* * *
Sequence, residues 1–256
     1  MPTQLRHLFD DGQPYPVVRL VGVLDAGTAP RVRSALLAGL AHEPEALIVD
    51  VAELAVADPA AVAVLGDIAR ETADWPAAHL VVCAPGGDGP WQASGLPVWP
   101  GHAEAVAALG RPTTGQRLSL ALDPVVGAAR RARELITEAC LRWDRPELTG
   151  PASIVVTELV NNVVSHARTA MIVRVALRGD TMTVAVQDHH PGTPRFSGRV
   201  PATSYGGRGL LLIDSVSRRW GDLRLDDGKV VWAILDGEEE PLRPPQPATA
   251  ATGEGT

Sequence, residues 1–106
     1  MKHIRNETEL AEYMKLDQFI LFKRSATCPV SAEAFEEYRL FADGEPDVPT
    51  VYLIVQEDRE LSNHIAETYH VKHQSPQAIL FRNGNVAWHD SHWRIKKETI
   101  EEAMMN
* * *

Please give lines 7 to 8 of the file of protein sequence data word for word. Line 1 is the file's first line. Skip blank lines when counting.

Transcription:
   251  ATGEGT

Sequence, residues 1–106